Two Designers Built a Website to Combat the Lack of Diversity in Creative Fields

  • Photo by Shyama Golden. Via @peopleofcraftsmanship via Instagram.

    Photo by Shyama Golden. Via @peopleofcraftsmanship via Instagram.

  • Photo by Caroll Lynn.  Via @peopleofcraftsmanship via Instagram.

    Photo by Caroll Lynn.  Via @peopleofcraftsmanship via Instagram.

On September 26th, New York-based designers Amélie Lamont and Timothy Goodman took to Twitter to announce their newest passion project: People of Craft, an online directory of creative professionals of color—from artists to writers, entrepreneurs to creative directors.

Lamont tweeted her personal goals for the project, stringing together a series of 140-character messages that resembled a mission statement: “As a person of color, I find that we often get placed into boxes. These boxes end up defining how people think of us,” she wrote.

“My hope is that with this directory, we can start acknowledging that people of color also have the capacity to be multidimensional creatives worthy of the same attention their white peers receive, [without] relegating them only to a checkbox of ethnicity,” she continued.

When I speak with the founders, it’s two weeks post-launch, and Goodman and Lamont are already encouraged—if not a bit overwhelmed—by the enthusiastic response to the project. “We’ve already received around 250 new requests to be added to the directory, which began with around 300 people,” says Goodman. Lamont chimes in: “And that’s a really good indicator that this is something that people want.”

The platform joins other internet databases, like Women Who Draw, Women Photograph, Queer Cartoonists, and Cartoonists of Color, which are encouraging inclusivity and intersectionality across creative fields.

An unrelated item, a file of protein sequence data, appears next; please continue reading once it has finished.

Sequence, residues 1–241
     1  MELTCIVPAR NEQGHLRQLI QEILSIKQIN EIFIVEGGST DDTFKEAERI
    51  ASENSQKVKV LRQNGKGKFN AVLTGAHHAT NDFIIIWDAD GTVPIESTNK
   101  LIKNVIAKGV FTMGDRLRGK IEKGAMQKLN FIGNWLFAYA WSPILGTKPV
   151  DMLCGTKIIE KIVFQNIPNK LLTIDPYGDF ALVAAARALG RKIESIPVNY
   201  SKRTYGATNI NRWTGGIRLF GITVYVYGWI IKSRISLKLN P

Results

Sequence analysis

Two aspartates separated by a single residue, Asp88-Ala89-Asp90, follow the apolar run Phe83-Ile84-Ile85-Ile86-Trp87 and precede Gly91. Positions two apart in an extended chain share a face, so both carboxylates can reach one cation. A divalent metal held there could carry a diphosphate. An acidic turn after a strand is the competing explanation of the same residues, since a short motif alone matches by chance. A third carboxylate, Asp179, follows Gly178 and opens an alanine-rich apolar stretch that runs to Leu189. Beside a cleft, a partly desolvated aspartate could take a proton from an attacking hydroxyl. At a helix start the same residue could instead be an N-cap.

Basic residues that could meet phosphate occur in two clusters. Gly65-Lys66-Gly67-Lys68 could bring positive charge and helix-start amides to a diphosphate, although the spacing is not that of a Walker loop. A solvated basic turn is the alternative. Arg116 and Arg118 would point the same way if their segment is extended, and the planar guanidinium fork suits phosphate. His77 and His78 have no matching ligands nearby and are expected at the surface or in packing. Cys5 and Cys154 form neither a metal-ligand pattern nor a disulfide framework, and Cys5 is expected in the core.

The concept for People of Craft began germinating last year, when the pair met at the WebVisions design conference. Lamont, who is black, Jamaican-American, and from New York, is a product designer and writer who works at the New York Times. Goodman, who is white and from Cleveland, is freelance graphic designer, illustrator, and author who counts Airbnb, Google, and The New Yorker among his clients.

Goodman and Lamont realized they harbored the same frustrations around the lack of diversity in design, as well as across the entire professional creative landscape. Both had previously voiced their concerns on social media and through personal projects. Lamont runs the website Good for PoC with Catt Small and Jacky Alciné, which provides a list of tech companies that create safe, supportive environments for employees of color. Goodman, for his part, has made it a personal mission to encourage fellow creatives, white men in particular, to advocate for increased diversity in their offices, as well as the conferences and lectures they commit to.

The pair also share a desire to take action. “There are two camps, there’s one where you’re complaining about it, and there’s another where you do something about it,” Lamont offers. “So we said, ‘Okay, we talk about this a lot, so let’s actually do something.’”